Re: Other Clients from Hell

Subject: Re: Other Clients from Hell
From: "Kat Nagel" <kat_nagel -at- rte -dot- com>
To: "TECHWR-L" <techwr-l -at- lists -dot- raycomm -dot- com>
Date: Thu, 8 Jun 2000 11:23:11 -0400

BTDT. As a freelancer, I ran into this more often than I care to
remember. Companies that do that sort of thing usually fire the
in-house writing staff and hire outsiders who have less invested in
the reputation of the company.

Disclaimer: My suggestions below are based on the assumption that
you're dealing with a truly unethical company. Today's business
climate means that even reputable companies occasionally run into
clients that demand unreasonable delivery dates. Reputable
companies will give you the support you need to make reasonable
compromises between schedule and quality, and will protect you if
the client gets nasty.

My first encounter with slimy business practices such as you
described---which I was too naive to handle well at the
time---prompted me to talk to my lawyer and work out this general

1. I keep working on my part of the project, meeting my deadlines.
This buys me some time.

2. I express my concerns to my immediate manager in every team
meeting and status report. (Express your concerns in writing, and
keep copies offsite. Frequent written status reports help, here.
So does offering to write the meeting minutes <grin>.)

3. As part of #2, I give my standard speech on professional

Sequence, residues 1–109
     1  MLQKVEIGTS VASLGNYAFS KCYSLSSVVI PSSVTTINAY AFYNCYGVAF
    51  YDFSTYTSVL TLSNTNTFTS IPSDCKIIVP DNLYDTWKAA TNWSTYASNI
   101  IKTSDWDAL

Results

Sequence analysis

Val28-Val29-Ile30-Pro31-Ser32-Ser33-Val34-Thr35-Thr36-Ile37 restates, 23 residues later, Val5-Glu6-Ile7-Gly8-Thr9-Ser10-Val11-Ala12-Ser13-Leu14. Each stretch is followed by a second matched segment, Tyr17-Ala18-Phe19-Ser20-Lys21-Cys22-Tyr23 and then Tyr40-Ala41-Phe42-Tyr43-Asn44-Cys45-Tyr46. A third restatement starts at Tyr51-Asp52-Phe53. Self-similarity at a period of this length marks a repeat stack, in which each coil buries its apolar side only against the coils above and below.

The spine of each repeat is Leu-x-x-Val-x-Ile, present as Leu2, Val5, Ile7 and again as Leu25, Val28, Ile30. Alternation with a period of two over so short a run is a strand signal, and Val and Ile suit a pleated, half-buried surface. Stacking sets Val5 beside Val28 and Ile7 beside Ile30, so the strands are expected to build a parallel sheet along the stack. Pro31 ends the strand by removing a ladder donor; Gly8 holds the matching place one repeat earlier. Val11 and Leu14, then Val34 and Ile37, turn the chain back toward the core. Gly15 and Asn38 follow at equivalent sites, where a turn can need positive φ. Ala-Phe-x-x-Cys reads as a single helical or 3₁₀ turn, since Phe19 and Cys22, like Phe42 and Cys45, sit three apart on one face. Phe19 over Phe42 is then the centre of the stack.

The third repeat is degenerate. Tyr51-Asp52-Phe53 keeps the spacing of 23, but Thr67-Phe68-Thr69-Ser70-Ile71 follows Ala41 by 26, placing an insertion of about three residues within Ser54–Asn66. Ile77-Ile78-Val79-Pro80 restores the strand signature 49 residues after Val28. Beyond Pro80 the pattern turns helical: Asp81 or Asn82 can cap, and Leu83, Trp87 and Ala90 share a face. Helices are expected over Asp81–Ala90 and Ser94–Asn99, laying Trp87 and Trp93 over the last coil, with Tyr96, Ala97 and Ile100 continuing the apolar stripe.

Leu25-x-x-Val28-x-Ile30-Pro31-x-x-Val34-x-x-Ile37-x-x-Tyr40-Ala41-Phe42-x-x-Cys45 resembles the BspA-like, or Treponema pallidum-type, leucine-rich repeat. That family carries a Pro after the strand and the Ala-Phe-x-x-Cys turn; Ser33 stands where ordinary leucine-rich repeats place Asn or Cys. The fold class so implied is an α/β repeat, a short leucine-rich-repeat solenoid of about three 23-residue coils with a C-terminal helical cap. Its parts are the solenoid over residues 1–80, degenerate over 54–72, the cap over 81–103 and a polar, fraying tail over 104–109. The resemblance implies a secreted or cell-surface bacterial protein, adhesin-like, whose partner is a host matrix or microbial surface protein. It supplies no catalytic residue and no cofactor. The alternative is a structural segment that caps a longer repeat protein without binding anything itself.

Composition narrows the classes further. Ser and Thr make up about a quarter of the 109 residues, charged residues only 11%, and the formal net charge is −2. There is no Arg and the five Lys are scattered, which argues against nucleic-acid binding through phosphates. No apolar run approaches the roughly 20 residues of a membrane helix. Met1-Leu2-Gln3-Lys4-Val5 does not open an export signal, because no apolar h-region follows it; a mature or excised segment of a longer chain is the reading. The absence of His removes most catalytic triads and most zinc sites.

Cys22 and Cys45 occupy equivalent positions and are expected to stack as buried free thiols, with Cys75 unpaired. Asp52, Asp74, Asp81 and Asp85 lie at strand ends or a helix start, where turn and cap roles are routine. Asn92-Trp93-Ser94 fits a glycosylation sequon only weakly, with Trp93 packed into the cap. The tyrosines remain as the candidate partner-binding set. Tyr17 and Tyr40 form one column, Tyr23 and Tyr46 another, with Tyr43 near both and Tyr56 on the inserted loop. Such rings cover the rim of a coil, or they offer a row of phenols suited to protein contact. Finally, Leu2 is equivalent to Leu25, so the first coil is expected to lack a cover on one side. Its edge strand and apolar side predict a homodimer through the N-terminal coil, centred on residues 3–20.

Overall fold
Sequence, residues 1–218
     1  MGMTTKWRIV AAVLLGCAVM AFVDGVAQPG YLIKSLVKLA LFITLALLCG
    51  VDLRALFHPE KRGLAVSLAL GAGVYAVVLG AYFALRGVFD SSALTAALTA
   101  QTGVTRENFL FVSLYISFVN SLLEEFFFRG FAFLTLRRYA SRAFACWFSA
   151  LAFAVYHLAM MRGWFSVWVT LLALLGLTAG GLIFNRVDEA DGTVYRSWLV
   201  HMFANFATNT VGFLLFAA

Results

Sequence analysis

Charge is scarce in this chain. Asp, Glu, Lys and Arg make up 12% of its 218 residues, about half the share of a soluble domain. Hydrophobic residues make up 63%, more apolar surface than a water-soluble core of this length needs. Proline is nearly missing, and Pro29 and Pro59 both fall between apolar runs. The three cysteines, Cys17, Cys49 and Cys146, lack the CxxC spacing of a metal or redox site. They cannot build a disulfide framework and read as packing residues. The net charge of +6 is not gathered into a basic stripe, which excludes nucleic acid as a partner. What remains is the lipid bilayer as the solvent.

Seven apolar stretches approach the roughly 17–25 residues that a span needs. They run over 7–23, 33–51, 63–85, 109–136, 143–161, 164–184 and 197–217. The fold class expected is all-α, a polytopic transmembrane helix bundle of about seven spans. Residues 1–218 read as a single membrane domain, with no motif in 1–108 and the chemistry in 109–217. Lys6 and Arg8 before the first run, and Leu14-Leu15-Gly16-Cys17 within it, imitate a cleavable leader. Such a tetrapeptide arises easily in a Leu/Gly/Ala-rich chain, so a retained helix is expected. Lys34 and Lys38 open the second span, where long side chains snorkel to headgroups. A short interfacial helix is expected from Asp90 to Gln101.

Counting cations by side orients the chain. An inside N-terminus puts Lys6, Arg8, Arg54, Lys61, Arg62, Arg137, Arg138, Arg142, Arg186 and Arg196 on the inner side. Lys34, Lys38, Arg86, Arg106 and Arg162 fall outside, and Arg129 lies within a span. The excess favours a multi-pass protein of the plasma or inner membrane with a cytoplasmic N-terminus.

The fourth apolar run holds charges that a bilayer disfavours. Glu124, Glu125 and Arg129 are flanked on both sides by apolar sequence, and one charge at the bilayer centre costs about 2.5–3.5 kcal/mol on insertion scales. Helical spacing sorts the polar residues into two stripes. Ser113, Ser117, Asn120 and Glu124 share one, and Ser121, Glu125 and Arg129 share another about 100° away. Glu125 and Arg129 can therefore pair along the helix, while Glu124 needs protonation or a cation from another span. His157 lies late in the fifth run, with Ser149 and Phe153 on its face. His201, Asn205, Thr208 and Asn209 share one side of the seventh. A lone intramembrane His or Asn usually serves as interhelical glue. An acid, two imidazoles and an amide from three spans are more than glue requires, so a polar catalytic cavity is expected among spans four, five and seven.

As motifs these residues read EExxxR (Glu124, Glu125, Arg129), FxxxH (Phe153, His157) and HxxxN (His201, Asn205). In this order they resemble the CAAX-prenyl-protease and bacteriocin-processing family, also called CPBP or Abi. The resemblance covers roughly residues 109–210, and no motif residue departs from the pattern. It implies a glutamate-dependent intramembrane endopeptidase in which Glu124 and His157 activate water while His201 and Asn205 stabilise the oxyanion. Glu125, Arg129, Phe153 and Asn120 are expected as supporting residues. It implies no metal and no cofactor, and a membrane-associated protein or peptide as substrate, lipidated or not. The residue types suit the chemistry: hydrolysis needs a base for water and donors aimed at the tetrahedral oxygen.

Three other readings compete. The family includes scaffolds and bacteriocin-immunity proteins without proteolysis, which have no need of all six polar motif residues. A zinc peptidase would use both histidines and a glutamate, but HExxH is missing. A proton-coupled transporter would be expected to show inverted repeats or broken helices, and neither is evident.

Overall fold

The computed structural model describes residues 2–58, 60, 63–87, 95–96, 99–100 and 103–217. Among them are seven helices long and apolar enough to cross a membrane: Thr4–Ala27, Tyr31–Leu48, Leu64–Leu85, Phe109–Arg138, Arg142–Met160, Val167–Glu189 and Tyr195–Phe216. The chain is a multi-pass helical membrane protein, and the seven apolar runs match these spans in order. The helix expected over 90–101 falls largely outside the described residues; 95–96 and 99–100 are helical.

responsibility and ethics, and ask for a change in the way we're
handling the project.

4. When that doesn't work, I ask (privately, but in writing) for a
written opinion from their legal department on the liability issues.
Sometimes that scares 'em into changing their policy enough for me
to do a deal with my conscience.

5. If #4 doesn't help enough, I send the HR rep an email or memo
asking about Errors and Omissions coverage in their corporate
business insurance policy. Does it cover individual employees as
well as the corporation? If the HRcritter is typical, it will call
the insurance company to find out. Insurance companies purely HATE
this sort of thing, and will start asking hard questions of Pointy
Haired Bosses.

6. When the fallout from #4 and #5 brings the inevitable PHB
response---"shut up or leave"---I make a decision based on the
degree of ethical discomfort and the state of my finances.
(Mortgage companies and automobile financing companies don't care
about your ethics. They want their money on time and will take
nasty steps to get it.)

While I was freelancing, I kept my resume up-to-date and maintained
a home-business insurance policy with limited E&O protection. Full
E&O coverage costs Big Bucks in this part of the US, and is usually
outside the budget capabilities of the typical techwriter. I still
keep my resume live (one never knows...) but I've let the insurance
policy lapse, now that I'm a captive employee again.

Kat Nagel, Senior Technical Writer
Real Time Enterprises
kat_nagel -at- rte -dot- com
...who doesn't expect to see that kind of problem at this company.
These are GOOD folks.

----- Original Message -----
From: Scottie Lover <iluvscotties -at- mindspring -dot- com>
> what would you do if you were
> a consultant specifically directed to do things you knew were
> wrong?

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